How to Find the Script Your Persona Might Have Used

In Russian Persona

Recently on the SCA Scribes Facebook page, I came across the question “What script would my persona have used? The short answer is, “it depends.” Of course, there’s more…

So my newest readers know, an SCA persona is “the fictional person you wish to have been, had you lived prior to 1600 A.D.” It embraces your name and the circumstances you create for this fictitious, historic you. Some call this your persona story.

To answer the “script” question, you first need a persona developed further than name, date, and location. Baron Master Modar Neznanich’s 70 compiled persona questions show the information most consider needed for a well-developed persona. While these questions are not comprehensive, they are a starting point. 

I then want to know when and where your perona lived. If your persona is from a Latin script writing country and you are only interested in generalities I’d look at David Harris’ The Art of Calligraphy online page 13 and 14. I have the hardback book and love it. Sadly, it’s no longer in print.
If you want to be specific, the next circumstance is whether all people could read or write from your place and time. Did the “class” to which you belong (i.e., royalty, nobility, merchant, middle, artisan, slave, etc.) read or write? Also important might be your education, occupation, and gender. These details affect more changes more between individuals the later in time you lived. 

Your class is important because writing implements were not easy to acquire. Paper wasn’t available in Europe until after the 11th century and parchment making was a lengthy process. This limited who used writing skills. 

Depending on the time and place, scribes were found in king’s courts, Noble’s manors and businesses. They are the reason we have information on them today. It’s possible your persona might know how to sign their name, but not know how to write a sentence. 

If your persona would not know a Latin script, the questions still apply, but the resources and answers are different. In that case, I would start by asking someone with a persona similar to yours who has been in the SCA longer than you.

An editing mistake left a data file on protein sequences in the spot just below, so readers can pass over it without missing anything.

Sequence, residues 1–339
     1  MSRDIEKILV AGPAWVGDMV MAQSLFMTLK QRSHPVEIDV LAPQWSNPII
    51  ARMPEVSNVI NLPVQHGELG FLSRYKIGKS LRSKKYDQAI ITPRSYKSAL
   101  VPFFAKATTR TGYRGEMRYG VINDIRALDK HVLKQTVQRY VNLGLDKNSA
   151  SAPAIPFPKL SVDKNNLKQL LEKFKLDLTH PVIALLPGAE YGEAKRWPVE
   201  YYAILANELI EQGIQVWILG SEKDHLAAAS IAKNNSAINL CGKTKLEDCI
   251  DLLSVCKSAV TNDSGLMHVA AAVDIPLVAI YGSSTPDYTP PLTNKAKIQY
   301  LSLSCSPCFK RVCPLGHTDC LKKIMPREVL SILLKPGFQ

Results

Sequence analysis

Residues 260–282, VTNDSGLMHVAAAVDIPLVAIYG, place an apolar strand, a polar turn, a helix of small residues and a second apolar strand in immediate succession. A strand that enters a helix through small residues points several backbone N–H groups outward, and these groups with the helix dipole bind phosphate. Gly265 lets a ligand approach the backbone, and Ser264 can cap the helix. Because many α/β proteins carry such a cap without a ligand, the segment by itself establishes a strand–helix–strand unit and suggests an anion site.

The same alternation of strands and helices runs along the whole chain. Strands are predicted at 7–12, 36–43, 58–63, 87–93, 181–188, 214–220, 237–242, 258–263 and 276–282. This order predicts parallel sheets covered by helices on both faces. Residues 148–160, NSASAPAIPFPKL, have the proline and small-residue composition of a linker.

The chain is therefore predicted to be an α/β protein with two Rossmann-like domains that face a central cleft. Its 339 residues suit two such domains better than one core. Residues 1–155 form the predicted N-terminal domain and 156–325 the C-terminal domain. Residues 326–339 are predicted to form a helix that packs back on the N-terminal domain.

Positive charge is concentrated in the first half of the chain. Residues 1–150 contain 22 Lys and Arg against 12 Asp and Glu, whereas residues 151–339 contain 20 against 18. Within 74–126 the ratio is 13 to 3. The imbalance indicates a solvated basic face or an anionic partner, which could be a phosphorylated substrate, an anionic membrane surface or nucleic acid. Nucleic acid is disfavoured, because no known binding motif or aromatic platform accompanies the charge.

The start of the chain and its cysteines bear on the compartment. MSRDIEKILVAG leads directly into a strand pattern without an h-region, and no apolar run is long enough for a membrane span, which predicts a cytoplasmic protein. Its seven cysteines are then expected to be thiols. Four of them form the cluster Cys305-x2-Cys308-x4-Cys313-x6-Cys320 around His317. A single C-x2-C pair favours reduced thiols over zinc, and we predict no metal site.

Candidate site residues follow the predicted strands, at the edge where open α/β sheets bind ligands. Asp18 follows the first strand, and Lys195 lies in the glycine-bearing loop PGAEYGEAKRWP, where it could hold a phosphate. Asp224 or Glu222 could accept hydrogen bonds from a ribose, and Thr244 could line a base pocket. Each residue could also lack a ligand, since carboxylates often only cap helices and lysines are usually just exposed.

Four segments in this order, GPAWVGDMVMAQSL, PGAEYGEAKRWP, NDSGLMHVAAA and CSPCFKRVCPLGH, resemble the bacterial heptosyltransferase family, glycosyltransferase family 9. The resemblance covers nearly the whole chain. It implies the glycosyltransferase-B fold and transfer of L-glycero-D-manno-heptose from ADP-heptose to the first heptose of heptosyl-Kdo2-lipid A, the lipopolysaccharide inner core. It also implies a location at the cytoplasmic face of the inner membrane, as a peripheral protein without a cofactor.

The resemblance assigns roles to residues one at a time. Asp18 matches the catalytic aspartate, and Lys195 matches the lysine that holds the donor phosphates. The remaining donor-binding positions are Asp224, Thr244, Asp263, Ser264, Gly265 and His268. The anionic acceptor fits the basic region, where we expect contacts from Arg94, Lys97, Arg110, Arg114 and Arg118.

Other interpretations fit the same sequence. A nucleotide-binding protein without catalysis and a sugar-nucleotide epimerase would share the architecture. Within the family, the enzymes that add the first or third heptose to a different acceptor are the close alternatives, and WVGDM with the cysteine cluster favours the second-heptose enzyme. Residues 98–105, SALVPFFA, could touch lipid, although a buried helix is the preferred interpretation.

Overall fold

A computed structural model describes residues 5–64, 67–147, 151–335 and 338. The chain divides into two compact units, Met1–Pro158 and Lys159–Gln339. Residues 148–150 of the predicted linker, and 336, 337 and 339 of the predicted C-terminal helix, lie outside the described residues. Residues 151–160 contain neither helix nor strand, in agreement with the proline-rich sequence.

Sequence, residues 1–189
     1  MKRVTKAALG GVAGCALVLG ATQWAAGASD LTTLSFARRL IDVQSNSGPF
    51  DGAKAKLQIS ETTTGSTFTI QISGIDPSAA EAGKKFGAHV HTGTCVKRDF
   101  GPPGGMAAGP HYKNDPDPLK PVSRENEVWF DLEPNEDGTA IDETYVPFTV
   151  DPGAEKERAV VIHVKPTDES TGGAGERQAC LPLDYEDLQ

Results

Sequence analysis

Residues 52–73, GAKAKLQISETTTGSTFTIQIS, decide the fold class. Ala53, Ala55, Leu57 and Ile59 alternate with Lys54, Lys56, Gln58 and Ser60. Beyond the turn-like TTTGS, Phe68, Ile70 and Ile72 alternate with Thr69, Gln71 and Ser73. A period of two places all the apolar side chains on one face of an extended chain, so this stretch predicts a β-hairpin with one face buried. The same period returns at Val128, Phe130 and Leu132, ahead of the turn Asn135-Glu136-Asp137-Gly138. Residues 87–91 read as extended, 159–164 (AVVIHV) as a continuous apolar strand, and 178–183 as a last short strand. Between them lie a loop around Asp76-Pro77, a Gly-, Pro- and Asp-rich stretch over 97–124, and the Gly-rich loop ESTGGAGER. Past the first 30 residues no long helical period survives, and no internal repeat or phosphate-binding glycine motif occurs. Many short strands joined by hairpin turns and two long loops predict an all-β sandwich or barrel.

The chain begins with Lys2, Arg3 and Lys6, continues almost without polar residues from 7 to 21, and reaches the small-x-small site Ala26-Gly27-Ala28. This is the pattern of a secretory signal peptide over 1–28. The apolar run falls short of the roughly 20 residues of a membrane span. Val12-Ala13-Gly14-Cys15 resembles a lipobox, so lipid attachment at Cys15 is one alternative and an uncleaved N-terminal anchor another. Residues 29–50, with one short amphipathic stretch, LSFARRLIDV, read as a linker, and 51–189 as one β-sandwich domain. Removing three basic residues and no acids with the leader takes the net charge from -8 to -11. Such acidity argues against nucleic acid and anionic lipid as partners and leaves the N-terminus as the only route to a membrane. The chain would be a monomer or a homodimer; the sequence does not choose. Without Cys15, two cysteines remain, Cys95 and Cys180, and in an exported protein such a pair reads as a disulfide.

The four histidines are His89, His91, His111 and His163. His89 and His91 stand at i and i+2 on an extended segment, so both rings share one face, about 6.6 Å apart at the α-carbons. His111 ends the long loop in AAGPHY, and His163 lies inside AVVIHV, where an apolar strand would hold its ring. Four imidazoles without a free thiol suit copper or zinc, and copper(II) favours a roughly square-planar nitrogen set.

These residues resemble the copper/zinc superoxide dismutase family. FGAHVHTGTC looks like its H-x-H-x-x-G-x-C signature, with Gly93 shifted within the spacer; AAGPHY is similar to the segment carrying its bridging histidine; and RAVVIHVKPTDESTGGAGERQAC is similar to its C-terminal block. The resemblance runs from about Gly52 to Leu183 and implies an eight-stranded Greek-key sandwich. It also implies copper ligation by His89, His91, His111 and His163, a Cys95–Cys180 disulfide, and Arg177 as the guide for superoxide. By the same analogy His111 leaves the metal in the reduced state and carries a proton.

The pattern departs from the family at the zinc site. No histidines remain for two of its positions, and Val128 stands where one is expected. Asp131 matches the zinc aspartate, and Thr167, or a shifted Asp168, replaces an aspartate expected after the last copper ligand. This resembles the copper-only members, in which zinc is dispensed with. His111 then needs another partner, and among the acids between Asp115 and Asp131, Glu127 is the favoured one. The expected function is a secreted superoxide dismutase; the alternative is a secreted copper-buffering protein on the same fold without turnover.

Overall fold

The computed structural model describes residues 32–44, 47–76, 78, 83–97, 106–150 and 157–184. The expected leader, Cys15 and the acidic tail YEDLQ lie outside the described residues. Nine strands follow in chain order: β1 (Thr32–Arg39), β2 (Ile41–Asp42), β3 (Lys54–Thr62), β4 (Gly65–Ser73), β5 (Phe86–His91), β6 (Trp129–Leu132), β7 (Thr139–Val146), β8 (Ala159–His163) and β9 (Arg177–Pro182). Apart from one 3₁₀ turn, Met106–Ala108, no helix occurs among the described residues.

If you live in the Kingdom of Calontir you might find someone by looking at the Calontiri Wikispaces‘ Cultures page. Be aware, although helpful, individual Wikispaces are created by volunteers. I found them encouraging springboards to further research.

Some persona details may lead to a dead end. For example, if your persona is female for a time, place and class you choose you may have to be creative for an excuse to be able to read and write. You won’t find that answer specifically. You’ll need to determine “why” your persona can or can’t write.

The gist is that details count. Each feature you add contributes to your persona’s strength. Whether you can only sign your name, keep a common place book, 
write a legal text or letter multiple script styles depends on these questions and the ones that arise from them. 


Me as Jehanne Bening

In the SCA I am known as Jehanne Bening. I am from the town of Bruges in the duchy of Burgundy. I work in the Sanders Bening‘s workshop, the father of Simon Bening.In 1486 he joined the Bruges Guild of St. Luke. Sadly my boss died in 1519. 

I began by looking on Medieval Writing’s index of scripts web page and found one 15th-century French cursive document hand. Unfortunately, the resource is too rumpled to use for analysis. Still, this web page offers many possibilities.

With the dates and location, I went to Pinterest to see if others interested in late 15th century Burgundy had pinned images with the script. The first one I selected, when going to its original site proved to be too early. At least the image went to a documentable source and not just a pretty picture. 

The second image I tried linked to a pretty picture that included the source. I copied the source into my browser and wallah it wen
t to at British Library manuscript, with tons of information and images with a script. The website provided the following information.

Guillaume de Lorris and Jean de Meun
Title Roman de la Rose
Origin Netherlands, S. (Bruges)
Date c. 1490-c. 1500
Language French
Script Gothic cursive

Harley 4425 Roman de la Rose f.42

Everything I hoped for. The only thing better would have been if Sanders Bening had done the work himself. 

From what I’ve researched Sanders left no known works even though guild records show he was active then.

From the British Library’s digitized manuscripts, I can analyze the script and develop a style Jehanne would have known. To find other related sources I entered the specifics from the first source into the British Library’s advanced search. The search engine provided 20 manuscripts I might use.

Exciting. Looks like the next personal project for me will be developing a script Jehanne could have used.  

Related Prior Posts:

The Stalking Scribe
How To Google For Illuminated Manuscript Inspirations

Categories: How-to, Persona

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